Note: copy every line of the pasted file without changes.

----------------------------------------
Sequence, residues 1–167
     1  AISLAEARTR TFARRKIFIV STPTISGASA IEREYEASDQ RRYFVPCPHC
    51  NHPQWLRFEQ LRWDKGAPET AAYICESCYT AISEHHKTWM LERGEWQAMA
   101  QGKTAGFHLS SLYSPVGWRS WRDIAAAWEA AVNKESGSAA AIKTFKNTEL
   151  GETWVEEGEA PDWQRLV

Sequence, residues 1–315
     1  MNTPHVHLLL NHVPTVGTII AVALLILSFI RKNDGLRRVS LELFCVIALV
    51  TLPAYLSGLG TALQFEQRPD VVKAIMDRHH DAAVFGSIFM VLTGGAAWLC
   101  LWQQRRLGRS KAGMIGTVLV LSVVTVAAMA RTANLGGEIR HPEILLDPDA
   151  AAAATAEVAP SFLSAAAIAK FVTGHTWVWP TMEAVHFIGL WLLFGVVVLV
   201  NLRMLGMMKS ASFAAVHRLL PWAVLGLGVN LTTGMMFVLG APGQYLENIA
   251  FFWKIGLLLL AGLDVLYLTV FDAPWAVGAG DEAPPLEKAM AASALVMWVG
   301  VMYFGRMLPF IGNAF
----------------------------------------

Sequence, residues 1–167
     1  AISLAEARTR TFARRKIFIV STPTISGASA IEREYEASDQ RRYFVPCPHC
    51  NHPQWLRFEQ LRWDKGAPET AAYICESCYT AISEHHKTWM LERGEWQAMA
   101  QGKTAGFHLS SLYSPVGWRS WRDIAAAWEA AVNKESGSAA AIKTFKNTEL
   151  GETWVEEGEA PDWQRLV

Sequence, residues 1–315
     1  MNTPHVHLLL NHVPTVGTII AVALLILSFI RKNDGLRRVS LELFCVIALV
    51  TLPAYLSGLG TALQFEQRPD VVKAIMDRHH DAAVFGSIFM VLTGGAAWLC
   101  LWQQRRLGRS KAGMIGTVLV LSVVTVAAMA RTANLGGEIR HPEILLDPDA
   151  AAAATAEVAP SFLSAAAIAK FVTGHTWVWP TMEAVHFIGL WLLFGVVVLV
   201  NLRMLGMMKS ASFAAVHRLL PWAVLGLGVN LTTGMMFVLG APGQYLENIA
   251  FFWKIGLLLL AGLDVLYLTV FDAPWAVGAG DEAPPLEKAM AASALVMWVG
   301  VMYFGRMLPF IGNAF